When I first arrived in my classroom many years ago, it only had desks. I was used to student tables, so I had maintenance store the desks and they helped me find tables. I was very happy about that! But, there are some students who really prefer a space of their own. You see, we don’t have assigned seating, but occasionally I find that a student benefits when they have a special spot of their very own. So in these situations, our wonderful maintenance staff will bring a desk down for me. I love our maintenance staff!
Before moving on to the next section, I want to mention the tub/tote option. This was completely an accidental discovery for us this past year. I had emptied our “sensory tub” out to use for student lunches on a field trip. The next day I found one of my first grade friends all comfy, cozy, and content working in it! Ha!
Comfy Couches or Chairs
This happens to be my second set of wicker furniture in 10 years. It doesn’t last forever in a classroom, but you can get it pretty cheap on Craiglist. In fact, the set that you see in these pictures was re-purposed by other staff members in their at-home gardens, or trashed at the end of this school year. I’ve been using IFTTT as my “scouting agent” for “new” wicker furniture.
Privacy Screen Options
- mini offices
- 3-ring binders
- sound muffling headphones
I added a section about privacy screen options because it’s important to note that while flexible seating works for most classroom situations, there are times where students need (or desire to have) a little more privacy.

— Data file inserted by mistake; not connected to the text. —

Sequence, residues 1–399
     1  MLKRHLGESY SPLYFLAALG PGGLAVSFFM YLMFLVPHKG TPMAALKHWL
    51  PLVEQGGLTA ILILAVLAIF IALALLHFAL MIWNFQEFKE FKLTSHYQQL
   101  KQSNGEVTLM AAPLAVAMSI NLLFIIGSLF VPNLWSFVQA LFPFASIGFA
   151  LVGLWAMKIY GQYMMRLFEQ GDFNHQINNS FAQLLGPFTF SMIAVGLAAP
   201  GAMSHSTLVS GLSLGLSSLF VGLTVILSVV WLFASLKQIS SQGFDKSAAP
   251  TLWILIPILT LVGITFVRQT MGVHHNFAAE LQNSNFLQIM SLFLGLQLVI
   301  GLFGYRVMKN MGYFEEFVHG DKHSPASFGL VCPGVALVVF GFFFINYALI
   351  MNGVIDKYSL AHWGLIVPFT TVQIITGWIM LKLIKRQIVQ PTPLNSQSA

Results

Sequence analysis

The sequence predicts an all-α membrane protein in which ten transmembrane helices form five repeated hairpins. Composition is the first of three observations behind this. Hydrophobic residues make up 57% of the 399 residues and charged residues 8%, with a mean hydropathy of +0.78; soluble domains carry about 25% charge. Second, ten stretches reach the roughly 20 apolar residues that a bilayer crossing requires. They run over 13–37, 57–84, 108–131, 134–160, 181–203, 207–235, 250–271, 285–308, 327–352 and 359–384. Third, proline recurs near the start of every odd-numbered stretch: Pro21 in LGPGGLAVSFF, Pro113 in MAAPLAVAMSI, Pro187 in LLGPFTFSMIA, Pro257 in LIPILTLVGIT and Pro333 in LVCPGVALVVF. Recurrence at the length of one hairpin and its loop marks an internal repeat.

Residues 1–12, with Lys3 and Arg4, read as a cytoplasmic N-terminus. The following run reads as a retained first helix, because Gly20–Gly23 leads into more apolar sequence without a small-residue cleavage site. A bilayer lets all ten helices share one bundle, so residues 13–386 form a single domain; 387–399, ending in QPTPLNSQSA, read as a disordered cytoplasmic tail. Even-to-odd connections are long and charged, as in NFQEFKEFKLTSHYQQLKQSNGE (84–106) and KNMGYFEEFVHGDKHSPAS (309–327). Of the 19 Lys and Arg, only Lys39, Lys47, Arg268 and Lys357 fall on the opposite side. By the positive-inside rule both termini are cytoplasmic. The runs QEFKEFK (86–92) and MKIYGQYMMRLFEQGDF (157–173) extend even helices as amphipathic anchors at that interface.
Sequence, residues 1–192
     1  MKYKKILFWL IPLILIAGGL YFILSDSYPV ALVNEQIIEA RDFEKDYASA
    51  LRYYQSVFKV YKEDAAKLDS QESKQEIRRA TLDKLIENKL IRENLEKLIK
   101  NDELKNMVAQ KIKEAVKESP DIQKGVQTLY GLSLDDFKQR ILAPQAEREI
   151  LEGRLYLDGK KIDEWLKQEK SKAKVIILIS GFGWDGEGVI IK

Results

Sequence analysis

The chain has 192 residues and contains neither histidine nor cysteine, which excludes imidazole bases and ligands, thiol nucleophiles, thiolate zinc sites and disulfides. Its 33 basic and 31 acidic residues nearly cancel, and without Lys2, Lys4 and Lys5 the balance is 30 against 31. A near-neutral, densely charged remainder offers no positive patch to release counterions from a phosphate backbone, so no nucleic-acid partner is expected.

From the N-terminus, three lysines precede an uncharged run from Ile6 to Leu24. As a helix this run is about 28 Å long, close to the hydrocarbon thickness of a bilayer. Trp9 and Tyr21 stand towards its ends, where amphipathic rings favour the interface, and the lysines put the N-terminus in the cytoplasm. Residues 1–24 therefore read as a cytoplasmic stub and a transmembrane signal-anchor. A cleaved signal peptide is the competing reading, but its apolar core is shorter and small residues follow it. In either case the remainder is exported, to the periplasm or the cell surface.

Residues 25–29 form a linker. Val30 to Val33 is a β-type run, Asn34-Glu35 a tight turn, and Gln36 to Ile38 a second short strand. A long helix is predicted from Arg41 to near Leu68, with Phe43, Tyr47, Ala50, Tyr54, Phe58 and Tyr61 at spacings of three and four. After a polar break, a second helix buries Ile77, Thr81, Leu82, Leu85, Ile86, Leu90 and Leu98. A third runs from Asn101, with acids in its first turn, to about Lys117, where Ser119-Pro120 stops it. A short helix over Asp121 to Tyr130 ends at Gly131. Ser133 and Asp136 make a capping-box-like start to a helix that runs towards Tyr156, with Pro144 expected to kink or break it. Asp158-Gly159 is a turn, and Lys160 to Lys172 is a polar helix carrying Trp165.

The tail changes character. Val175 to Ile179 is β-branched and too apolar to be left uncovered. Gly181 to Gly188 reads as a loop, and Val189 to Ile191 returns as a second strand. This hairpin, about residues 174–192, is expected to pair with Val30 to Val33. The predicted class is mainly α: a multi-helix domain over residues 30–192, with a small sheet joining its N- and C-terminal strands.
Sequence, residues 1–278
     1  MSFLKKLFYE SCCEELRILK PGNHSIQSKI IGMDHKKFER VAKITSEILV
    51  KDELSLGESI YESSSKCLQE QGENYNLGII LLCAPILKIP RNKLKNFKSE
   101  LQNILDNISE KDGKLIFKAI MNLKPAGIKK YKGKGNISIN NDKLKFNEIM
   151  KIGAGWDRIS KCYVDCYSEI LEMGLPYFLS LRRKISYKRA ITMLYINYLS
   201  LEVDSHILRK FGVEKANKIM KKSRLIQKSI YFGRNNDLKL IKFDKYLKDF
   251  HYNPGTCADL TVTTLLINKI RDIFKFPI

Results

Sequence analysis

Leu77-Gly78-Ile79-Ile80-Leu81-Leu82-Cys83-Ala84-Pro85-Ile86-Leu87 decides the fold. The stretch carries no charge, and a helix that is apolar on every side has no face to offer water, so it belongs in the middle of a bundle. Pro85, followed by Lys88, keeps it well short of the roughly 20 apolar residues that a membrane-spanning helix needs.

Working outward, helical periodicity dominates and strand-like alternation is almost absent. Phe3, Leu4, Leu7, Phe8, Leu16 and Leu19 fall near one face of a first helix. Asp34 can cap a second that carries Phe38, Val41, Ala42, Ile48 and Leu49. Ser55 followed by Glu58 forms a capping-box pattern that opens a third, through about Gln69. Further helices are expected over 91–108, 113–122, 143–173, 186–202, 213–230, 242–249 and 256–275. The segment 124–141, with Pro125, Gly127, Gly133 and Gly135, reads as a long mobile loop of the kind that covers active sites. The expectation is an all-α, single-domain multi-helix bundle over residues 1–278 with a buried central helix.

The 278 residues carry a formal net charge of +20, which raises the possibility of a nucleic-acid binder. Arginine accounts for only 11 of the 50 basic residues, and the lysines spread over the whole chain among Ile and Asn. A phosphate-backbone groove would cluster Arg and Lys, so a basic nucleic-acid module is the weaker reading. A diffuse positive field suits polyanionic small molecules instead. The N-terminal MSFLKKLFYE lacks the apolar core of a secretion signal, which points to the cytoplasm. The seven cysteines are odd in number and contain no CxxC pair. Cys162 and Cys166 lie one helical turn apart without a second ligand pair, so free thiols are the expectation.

Depending on the temperament of my class, I may add assigned seats, with privacy screens on days we have Guest Teachers or during testing situations. Some teachers call these spots “frozen” or “permanent” or “home base” spots. We happen to have a class set of 3-ring binders that work well for privacy screens, but mini offices work too. So do classroom plants, if you’re in a bind and need a privacy screen quickly!
I mention noise canceling earmuffs because with flexible seating, your classroom will likely not be a quiet, no-talking atmosphere. It may be, but I find that mine isn’t and I’m completely fine with that! I want my students to learn from one another. I want my students to engage in discourse with one another — questioning and connecting in meaningful conversations! Earmuffs play an important role in these situations. Some students need the quiet, others need peer interaction. Earmuffs make it possible to meet both needs!
Other information about our Flexible Seating:
- We don’t assign areas/tools, instead, students self select an area in which to work and what they’d like to work with (tool/seat). I dismiss students one at a time. This motivates students to “be ready” to choose.
- We don’t keep track of who has used what, when, or where. I tell my students it won’t matter, and we don’t need to use precious class time to keep track, and that in the end, we’ll all have used what we need to or want to by the end of the year.
- We don’t sign a contract for use of tools/seats. Students know that improper use will result in a loss of privilege. It works well for us. Our expectations are 1) work the whole time, 2) work in one spot, and 3) work quietly [this doesn’t mean no talking, it means productive talking for you and those around you].
What about student materials? Where are they stored?
Click the pictures below for more information about where my students store their materials!
Need to read more information or inspiration?
- Why the 21st Century Classroom May Remind you of Starbucks
- Flexible Seating: Student Centered Classrooms
- Flexible Classrooms: Providing the Learning Environment That Kids Need
- Do Students Learn Better in Chairs or Couches?
- Turn your Classroom into an Active Learning Environment
- Classroom Eye Candy: A Flexible-Seating Paradise
- Classroom Eye Candy 2: The Learning Lounge
- Reimagining Classrooms: Teachers as Learners and Students as Leaders